Analysts hope rate cut will have far-reaching impact

A swathe of data published this week bolstered the case for monetary intervention

The ECB has dropped the the euro area core benchmark interest rate to a historic low of 0.5 per cent.

The ECB has dropped the the euro area core benchmark interest rate to a historic low of 0.5 per cent.

Thu, May 2, 2013, 13:34

Following weeks of speculation, the European Central Bank has announced an interest rate drop of 0.25 per cent, bringing the euro area core benchmark interest rate to a historic low of 0.5 per cent.

The interest rate cut - the first in 10 months - will have an immediate impact on those with tracker mortgages, but analysts are hoping that its impact will be more far-reaching, providing a much-needed boost to the struggling euro zone economy. A swathe of data published this week bolstered the case for monetary intervention. Unemployment rose again in April, with more than one in four under-25 year olds out of work in the euro zone. Business sentiment and inflation also fell last month.

The drop in the annual rate of inflation in April to 1.2 per cent - well below the 2 per cent ceiling set by the ECB - effectively removed one of the main barriers to intervention. ECB president Mario Draghi has repeatedly stressed the bank's responsibility to maintain price stability and keep inflation below, but close to, 2 per cent. The fall in inflation to 1.2 per cent, however temporary, well below the 2 per cent mark, paved the way for the ECB to act without jeopardising price stability.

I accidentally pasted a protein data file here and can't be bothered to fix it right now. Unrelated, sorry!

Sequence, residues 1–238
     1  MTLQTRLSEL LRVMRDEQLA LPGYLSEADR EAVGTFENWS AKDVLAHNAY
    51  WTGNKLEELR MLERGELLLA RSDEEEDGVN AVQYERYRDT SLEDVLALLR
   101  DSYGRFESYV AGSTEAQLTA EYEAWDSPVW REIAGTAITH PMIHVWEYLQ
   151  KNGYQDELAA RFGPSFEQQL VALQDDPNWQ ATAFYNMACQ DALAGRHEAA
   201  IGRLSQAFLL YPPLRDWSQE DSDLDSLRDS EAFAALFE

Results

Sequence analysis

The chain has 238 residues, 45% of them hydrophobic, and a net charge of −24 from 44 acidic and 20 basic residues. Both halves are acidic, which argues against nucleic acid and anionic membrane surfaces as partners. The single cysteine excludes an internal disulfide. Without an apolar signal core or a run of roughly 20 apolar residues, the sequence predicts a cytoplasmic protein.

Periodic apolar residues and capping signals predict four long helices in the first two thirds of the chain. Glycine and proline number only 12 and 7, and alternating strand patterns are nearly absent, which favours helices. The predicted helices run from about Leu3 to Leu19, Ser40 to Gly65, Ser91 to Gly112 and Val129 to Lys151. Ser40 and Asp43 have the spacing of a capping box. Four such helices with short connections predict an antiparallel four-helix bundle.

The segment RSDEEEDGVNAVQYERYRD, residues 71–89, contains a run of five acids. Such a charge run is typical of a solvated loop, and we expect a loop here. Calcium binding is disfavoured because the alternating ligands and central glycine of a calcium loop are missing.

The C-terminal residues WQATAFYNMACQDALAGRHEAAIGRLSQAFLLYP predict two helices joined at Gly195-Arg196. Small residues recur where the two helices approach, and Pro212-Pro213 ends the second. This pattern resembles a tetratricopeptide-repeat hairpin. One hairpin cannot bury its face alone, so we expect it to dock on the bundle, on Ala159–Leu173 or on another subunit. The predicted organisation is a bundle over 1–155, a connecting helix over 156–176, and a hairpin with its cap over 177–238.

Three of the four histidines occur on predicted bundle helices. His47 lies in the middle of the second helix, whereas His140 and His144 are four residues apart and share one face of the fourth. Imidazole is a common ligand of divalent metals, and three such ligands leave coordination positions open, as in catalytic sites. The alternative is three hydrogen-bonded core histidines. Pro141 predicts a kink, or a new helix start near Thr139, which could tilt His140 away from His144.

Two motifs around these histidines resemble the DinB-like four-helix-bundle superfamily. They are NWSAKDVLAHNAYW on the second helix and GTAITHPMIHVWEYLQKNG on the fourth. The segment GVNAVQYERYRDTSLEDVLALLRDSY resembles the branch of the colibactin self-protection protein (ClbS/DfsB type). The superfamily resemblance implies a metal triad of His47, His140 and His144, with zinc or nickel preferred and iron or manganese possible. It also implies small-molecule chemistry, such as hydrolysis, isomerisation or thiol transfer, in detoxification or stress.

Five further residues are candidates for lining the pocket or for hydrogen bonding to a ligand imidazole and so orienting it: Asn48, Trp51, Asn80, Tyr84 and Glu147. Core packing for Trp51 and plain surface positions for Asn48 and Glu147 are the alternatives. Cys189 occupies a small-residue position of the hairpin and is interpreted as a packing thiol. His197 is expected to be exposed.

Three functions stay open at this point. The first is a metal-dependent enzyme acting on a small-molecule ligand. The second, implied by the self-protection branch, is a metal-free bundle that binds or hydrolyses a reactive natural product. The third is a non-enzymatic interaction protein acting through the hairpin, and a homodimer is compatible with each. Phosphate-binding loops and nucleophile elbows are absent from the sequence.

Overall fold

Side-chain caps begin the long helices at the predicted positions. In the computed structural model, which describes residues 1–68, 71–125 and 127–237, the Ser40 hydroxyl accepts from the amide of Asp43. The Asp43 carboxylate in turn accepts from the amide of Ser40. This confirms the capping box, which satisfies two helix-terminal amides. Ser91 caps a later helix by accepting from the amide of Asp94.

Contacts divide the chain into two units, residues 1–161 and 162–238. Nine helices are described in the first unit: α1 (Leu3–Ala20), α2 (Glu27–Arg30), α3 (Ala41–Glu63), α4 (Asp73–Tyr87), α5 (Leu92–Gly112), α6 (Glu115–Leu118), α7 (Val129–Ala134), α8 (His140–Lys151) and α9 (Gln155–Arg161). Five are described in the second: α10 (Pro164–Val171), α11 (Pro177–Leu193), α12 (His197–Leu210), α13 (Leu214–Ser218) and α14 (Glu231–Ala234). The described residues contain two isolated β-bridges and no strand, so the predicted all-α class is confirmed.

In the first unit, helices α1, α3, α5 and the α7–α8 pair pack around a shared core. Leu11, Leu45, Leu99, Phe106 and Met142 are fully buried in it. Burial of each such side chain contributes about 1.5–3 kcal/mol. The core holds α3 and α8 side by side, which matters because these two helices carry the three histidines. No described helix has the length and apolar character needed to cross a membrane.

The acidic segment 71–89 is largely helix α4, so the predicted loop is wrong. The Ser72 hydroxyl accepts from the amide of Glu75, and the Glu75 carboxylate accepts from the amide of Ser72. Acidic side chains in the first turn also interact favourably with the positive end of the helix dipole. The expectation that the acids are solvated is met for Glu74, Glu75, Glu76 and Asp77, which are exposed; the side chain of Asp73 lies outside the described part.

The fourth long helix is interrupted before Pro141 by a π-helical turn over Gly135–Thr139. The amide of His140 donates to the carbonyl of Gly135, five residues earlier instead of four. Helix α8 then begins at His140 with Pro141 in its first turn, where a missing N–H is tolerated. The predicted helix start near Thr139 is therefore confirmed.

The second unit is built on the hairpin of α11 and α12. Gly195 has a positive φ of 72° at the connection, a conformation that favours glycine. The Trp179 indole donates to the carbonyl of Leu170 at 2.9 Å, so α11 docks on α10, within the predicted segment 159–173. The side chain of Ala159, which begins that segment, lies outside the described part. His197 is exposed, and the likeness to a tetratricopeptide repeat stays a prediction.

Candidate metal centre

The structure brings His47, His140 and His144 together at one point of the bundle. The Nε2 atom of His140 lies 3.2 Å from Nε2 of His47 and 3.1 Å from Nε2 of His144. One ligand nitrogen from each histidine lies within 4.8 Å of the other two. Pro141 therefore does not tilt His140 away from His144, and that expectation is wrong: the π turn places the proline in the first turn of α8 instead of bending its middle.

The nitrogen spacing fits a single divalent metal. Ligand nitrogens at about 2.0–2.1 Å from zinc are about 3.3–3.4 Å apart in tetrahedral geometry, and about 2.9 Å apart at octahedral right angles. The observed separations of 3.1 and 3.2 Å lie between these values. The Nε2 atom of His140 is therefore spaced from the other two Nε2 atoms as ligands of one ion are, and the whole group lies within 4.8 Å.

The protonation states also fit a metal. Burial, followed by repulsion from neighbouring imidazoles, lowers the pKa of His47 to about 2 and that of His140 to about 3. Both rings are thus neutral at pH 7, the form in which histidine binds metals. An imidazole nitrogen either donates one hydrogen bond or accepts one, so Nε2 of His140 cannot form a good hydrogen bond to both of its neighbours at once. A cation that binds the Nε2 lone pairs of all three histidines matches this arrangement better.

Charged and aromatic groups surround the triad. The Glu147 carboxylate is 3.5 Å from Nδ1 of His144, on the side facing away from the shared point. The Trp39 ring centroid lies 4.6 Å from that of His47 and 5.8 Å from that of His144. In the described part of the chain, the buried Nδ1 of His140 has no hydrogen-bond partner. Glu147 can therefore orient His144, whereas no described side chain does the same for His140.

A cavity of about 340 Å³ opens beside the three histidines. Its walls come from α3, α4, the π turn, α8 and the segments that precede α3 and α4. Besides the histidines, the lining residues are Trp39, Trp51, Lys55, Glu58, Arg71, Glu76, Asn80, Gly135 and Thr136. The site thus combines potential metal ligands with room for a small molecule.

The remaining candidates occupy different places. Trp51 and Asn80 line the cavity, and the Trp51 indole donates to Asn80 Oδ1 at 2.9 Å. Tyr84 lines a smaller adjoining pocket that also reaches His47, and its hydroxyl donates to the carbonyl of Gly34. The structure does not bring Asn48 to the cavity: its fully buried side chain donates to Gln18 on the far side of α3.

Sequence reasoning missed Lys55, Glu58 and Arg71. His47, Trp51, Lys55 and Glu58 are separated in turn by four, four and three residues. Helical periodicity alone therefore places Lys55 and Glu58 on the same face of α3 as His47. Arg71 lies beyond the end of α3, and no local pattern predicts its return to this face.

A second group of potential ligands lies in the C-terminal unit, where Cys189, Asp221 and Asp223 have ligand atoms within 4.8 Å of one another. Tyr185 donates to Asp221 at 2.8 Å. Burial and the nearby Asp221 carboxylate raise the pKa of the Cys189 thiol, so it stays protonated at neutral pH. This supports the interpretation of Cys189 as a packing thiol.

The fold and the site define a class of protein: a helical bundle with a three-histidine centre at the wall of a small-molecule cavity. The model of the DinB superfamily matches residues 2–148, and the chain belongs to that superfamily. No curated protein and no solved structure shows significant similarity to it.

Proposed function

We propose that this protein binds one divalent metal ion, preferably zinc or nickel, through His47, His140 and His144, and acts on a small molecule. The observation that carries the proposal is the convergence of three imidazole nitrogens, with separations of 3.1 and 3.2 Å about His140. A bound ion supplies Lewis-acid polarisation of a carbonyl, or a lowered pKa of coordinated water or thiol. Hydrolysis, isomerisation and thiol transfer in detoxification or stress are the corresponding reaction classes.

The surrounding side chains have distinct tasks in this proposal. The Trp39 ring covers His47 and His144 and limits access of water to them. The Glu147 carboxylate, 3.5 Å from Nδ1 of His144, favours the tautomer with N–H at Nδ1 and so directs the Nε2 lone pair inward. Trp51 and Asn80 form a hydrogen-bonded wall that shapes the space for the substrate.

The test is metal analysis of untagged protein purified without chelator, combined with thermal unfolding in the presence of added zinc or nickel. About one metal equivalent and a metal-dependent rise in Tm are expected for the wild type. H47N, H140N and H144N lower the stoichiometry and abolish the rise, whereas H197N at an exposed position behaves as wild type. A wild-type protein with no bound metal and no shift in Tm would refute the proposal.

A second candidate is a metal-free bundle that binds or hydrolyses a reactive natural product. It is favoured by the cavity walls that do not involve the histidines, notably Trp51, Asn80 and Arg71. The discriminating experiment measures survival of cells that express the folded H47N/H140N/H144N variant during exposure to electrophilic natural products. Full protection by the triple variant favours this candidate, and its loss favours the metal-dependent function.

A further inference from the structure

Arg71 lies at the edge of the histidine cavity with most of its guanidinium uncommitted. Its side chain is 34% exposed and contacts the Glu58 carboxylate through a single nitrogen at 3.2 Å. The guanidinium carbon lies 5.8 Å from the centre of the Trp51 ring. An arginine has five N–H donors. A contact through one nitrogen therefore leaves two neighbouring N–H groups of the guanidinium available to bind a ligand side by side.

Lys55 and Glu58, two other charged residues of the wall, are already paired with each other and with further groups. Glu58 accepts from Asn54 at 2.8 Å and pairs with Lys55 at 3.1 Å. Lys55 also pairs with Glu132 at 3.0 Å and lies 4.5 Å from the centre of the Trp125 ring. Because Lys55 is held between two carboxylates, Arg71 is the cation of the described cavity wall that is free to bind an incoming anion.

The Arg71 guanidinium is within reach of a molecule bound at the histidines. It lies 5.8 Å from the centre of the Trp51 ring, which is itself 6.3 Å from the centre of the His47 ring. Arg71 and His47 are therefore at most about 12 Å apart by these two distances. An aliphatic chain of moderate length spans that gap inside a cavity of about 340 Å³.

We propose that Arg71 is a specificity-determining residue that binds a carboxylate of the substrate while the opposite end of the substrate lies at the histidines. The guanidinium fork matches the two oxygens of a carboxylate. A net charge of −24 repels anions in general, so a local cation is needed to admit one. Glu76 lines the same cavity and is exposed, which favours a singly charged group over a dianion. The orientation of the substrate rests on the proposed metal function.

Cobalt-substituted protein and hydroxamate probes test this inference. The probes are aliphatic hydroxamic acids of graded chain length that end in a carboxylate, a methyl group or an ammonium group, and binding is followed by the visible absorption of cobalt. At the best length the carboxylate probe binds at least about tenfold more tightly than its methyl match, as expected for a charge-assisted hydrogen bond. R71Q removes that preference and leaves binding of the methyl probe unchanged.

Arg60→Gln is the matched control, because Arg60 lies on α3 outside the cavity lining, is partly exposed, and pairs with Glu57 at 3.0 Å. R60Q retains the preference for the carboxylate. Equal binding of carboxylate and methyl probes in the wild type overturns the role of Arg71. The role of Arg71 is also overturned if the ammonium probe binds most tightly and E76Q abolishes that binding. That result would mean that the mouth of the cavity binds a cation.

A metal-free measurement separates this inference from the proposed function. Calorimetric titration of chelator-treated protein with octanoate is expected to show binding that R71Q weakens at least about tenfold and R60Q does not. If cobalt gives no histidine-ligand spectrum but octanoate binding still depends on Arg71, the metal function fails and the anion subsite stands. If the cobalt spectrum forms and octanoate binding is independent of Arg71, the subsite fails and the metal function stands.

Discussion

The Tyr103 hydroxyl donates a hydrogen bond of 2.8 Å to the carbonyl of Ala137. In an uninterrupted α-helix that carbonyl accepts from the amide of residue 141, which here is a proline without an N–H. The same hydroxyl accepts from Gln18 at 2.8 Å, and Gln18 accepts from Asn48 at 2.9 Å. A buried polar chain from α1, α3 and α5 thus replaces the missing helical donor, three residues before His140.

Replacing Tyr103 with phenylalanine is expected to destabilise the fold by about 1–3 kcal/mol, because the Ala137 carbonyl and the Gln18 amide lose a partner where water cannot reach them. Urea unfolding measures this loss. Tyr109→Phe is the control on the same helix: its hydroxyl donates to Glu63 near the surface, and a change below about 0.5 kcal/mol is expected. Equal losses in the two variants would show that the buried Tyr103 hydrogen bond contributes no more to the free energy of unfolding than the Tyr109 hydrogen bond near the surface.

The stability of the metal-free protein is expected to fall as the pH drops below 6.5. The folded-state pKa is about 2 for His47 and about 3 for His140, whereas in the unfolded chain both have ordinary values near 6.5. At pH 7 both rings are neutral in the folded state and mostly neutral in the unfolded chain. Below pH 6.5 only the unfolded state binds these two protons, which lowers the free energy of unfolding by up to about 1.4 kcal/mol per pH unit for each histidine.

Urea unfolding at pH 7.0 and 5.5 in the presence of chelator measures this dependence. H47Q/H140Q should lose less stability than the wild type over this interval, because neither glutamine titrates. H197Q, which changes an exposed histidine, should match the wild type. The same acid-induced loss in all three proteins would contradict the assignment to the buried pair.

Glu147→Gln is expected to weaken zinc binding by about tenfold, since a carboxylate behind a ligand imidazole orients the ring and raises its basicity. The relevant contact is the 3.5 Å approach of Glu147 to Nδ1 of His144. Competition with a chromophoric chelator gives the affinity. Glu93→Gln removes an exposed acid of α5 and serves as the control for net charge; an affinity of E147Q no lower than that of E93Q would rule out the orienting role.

The cut in interest rates to 0.5 per cent means that interest rates are now at a historic low. The euro area interest rate reached an all time-high of 4.75 per cent in 2000, and touched a record low of 0.75 per cent in July last year, following months of incremental rate decreases.

What impact this interest rate cut will have on the real economy is the central question. The ECB has previously pointed out that the bank's interest rate policies are not transmitting to the real economy, particularly in the so-called "peripheral" countries, though the move will be welcomed by holders of tracker mortgages.

Further details of the decision will emerge in this afternoon's press conference, where some analysts are hoping that Mario Draghi announces other, more targeted measures, particularly to address the issue of SME finance.